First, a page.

Brown dividends: “Brown” Risk or “Green” Opportunity? The dynamic pricing of climate transition risk on global financial markets by Philip Fliegel as of July 13th, 2023 (#8): “I utilize the TRBC business classification to categorize companies in three climate sensitive sectors into high/low-risk portfolios based on the climate transition risk exposure of their technologies. … My results show that green stocks produce a highly significant double-digit annual alpha, especially in the 7 years following the Paris Agreement. This is well above all previous estimates and might be explained by my proposed methodology which can identify brown and green “pure-plays” in the most climate sensitive economic sectors. … The return expectation today is very different from 2013 … My dividend yield findings indicate that the expect payouts for brown portfolios today is indeed substantially higher compared to green portfolios“ (p. 23). My comment: Shouldn’t brown companies invest in green transition instead of distributing dividends? See ESG Transition Bullshit? – Responsible Investment Research Blog (

Supplier GHG math: Quantifying Supply Chain ESG Risks: A Flexible Framework by Alejandro Gaba, Toby Warburton, and Hao Yin from State Street as of July 13th, 2023 (#4): “.., the calculation of Scope 3 emissions is difficult and costly. … we propose a simple and intuitive approach to calculating the emissions resulting from a company’s base of suppliers. … Empirical tests suggest that the proposed metric makes a statistically significant contribution in explaining the outputs of conventional approaches, in addition to those from Scope 1 and Scope 2 measures. Furthermore, our model offers a flexible framework for evaluating other types of ESG risks embedded in a firm’s value chain” (Abstract). My comment: 2 of my five engagement focus topics are Scope 3 GHG emissions and supplier ESG evaluations, see Shareholder engagement: 21 science based theses and an action plan – (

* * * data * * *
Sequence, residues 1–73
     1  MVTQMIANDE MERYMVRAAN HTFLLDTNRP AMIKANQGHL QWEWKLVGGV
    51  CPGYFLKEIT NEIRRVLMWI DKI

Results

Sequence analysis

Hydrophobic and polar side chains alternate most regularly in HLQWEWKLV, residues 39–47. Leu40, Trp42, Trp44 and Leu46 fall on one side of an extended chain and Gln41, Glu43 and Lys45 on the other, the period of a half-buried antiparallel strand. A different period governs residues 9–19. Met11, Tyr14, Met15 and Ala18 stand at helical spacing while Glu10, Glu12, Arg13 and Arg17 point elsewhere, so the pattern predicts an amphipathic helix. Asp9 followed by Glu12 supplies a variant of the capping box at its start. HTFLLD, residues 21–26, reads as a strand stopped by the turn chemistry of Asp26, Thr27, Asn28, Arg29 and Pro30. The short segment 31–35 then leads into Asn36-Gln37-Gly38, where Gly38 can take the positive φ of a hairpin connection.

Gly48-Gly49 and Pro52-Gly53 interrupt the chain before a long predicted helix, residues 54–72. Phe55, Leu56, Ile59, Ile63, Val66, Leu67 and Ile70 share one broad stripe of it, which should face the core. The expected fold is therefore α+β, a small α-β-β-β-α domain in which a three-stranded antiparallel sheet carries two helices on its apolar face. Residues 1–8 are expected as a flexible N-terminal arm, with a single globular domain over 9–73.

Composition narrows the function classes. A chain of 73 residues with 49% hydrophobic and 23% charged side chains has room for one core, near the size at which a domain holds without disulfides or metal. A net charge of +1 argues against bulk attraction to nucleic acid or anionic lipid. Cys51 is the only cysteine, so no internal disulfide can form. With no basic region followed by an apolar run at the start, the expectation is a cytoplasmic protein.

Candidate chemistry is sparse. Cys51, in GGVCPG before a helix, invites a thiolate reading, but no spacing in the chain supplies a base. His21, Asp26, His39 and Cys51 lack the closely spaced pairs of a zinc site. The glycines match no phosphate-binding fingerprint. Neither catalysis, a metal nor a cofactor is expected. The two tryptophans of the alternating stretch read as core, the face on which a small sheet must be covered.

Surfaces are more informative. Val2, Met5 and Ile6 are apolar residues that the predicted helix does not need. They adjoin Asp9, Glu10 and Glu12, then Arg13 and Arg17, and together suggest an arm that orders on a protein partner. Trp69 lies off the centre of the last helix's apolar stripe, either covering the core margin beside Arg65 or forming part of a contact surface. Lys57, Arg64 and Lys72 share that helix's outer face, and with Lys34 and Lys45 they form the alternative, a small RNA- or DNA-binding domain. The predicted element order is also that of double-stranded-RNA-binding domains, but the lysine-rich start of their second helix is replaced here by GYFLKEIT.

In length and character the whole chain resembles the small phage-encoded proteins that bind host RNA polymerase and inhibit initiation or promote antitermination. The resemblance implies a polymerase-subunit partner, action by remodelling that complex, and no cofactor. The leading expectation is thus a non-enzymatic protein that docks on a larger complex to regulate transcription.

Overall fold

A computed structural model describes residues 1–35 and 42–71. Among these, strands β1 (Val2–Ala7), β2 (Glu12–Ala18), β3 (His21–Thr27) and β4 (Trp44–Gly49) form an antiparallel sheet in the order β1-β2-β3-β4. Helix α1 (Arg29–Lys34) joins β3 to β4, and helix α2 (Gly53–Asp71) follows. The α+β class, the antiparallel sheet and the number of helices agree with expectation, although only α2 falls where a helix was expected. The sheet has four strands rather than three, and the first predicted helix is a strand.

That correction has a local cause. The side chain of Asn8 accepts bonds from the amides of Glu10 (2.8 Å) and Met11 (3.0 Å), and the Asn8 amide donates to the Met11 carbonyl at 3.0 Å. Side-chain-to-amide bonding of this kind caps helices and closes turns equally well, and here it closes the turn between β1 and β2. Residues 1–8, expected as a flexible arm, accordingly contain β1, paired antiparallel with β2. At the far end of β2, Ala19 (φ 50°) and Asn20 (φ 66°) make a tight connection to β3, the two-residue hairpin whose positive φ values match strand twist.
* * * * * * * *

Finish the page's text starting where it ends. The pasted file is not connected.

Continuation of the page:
Traditional investment research

Few big winners: Shareholder Wealth Enhancement, 1926 to 2022 by Hendrik Bessembinder as of June 18th, 2023 (#636):  “Investments in publicly-listed U.S. stocks enhanced shareholder wealth by more than $55.1 trillion in aggregate during the 1926 to 2022 period, even while investments in the majority (58.6%) of the 28,114 individual stocks led to reduced rather than increased shareholder wealth. The degree to which wealth enhancement is concentrated in relatively few stocks has increased over time: for example, the number of high-performing firms that explain half of the net wealth creation since 1926 decreased from ninety as of 2016 to eighty-three as of 2019 and to seventy-two as of 2022. I identify the firms with both the largest enhancements and largest reductions in shareholder wealth since 1926 and during more recent intervals” (abstract).

Too frequent info: Alert for Alerts: How Investment Price Tracking Alerts Affect Retail Investors by Che-Wei Liu, Yanzhen Chen, and Ming-Hui Wen as of June 5th, 2023 (#97): “… we reveal that price tracking alerts, which provide convenient access to price data and cost-effective investment monitoring, lead to increased trading activity, suboptimal market timing, and diminished investment returns. Furthermore, our findings suggest that the availability of such investment management tools intensifies overconfidence bias and magnifies the disadvantage of inadequate financial literacy“ (p. 35).